Sanofi refocuses to tackle key business challenges

Sanofi is reorganising its business units from seven to five in a bid to streamline its operations and ensure the success of its ambitious product launch plans.

The revamp is the first major action by recently-appointed chief executive Olivier Brandicourt, who took the top job at the French pharma major in April in the wake of the acrimonious departure of former CEO Chris Viehbacher and a long search for a successor.

The objective is to create five divisions focusing on diabetes and cardiovascular medicines, speciality medicines, emerging markets, vaccines and animal health that Brandicourt says will be more specialised and – somewhat reminiscent of AstraZeneca’s (AZ) strategy under Pascal Soriot and Pfizer’s slimmed-down structure – be built around key ‘growth drivers’.

Under the new structure, due to come into effect next January, Sanofi’s cancer and immunology pipeline with now sit alongside subsidiary Genzyme’s rare disease and multiple sclerosis (MS) therapies in Sanofi Genzyme, a new speciality pharma unit led by Genzyme’s current CEO David Meeker.

The division will have responsibility for Sanofi’s underperforming cancer R&D unit that was revamped earlier this year, as well as key immunology candidates including arthritis therapy sarilumab and dupilumab for asthma.

Two key objectives for Sanofi under Brandicourt are to have a successful debut for cholesterol-lowerer Praluent (alirocumab) and a successful defence of its diabetes franchise, a responsibility that has been handed to Pascale Witz, currently executive vice president, global divisions and strategic development, who will lead the new diabetes and cardiovascular unit.

Praluent needs to capitalise on what could be a first-to-market advantage over rival PCSK9 inhibitor Repatha (evolocumab) from Amgen, although there are signs that pharmacy benefit managers (PBMs) in the US may already be planning to play hardball on the price of both drugs, possibly denting peak sales expectations of multiple billions of dollars.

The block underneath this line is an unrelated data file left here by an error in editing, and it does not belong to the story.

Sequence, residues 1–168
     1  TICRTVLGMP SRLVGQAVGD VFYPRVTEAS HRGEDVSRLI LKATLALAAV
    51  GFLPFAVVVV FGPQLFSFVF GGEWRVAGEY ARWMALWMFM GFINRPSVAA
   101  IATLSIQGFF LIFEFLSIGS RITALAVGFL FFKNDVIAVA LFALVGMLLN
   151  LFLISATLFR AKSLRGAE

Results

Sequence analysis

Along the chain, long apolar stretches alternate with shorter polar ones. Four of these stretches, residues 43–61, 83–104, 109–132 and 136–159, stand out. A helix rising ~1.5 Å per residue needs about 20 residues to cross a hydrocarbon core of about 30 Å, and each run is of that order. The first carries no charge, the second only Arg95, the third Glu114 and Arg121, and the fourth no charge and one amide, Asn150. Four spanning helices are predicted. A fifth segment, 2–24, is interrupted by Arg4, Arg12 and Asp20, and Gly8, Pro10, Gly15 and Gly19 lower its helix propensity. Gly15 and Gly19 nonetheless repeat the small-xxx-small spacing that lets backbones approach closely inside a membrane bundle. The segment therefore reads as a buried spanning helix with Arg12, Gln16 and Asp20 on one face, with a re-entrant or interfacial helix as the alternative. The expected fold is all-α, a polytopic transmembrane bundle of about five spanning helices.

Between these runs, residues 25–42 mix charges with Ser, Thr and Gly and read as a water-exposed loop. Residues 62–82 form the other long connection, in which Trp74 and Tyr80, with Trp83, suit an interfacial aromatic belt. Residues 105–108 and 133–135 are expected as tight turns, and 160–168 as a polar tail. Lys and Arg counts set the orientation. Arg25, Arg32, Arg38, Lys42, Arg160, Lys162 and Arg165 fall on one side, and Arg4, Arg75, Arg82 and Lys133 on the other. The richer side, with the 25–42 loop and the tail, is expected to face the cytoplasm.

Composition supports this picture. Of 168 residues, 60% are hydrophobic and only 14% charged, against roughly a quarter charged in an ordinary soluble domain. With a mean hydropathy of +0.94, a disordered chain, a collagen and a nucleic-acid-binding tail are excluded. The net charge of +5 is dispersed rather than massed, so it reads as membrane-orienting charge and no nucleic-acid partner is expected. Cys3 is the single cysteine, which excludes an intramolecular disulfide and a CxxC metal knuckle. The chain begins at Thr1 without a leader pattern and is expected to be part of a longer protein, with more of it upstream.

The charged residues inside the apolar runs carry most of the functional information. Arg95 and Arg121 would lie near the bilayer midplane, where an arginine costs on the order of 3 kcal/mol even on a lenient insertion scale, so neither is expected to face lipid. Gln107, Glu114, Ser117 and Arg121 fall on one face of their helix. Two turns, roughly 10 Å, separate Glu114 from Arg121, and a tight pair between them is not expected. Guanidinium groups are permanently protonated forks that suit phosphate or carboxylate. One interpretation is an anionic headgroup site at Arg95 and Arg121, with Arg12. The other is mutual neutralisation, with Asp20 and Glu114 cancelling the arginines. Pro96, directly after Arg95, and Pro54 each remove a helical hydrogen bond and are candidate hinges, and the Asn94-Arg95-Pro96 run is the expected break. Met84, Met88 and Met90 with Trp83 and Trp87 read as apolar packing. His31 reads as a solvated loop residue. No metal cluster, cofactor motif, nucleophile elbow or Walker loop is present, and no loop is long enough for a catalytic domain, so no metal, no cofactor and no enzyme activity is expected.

Brandicourt’s restructuring comes at a time when the company is facing some key challenges in its diabetes franchise, including headwinds for $7 billion-a-year insulin product Lantus (insulin glargine) that accounted for nearly 20 per cent of the company’s revenues last year but is facing flat growth in 2015.

One of the key priorities for Witz is a successful launch for Lantus follow-up Toujeo, which hinges on whether Sanofi can make a compelling case for switching patients currently taking Lantus to the new, premium product.

It also needs to make a success of inhaled insulin Afrezza, which the company licensed from MannKind last year to bolster its diabetes franchise, although some analysts have suggested it might be better for Brandicourt to ditch the product, which was brought in-house by Viehbacher.

The third new business unit – emerging markets – bundles Sanofi’s generic medicines and older products still in patent with the company’s consumer healthcare products, emphasising that in common with peers such as AZ and GlaxoSmithKline (GSK) the company attaches importance to pursuing a low price/high volume strategy alongside the development and sale of premium products. It will be led by Peter Guenter, executive vice president of global commercial operations.

Sanofi Pasteur and Merial will continue as Sanofi’s vaccines and animal health products divisions, respectively, headed by their current bosses Olivier Charmeil and Carsten Hellmann.

Sanofi has stated that it does not anticipate job losses as a result of the restructuring, according to a report in French newspaper Les Echos.

Brandicourt said the new structure “simplifies and focuses Sanofi to optimise growth,” adding: “this is a necessary step for ensuring that Sanofi’s new medicines and vaccines continue to build on our heritage of providing innovative healthcare therapies.”

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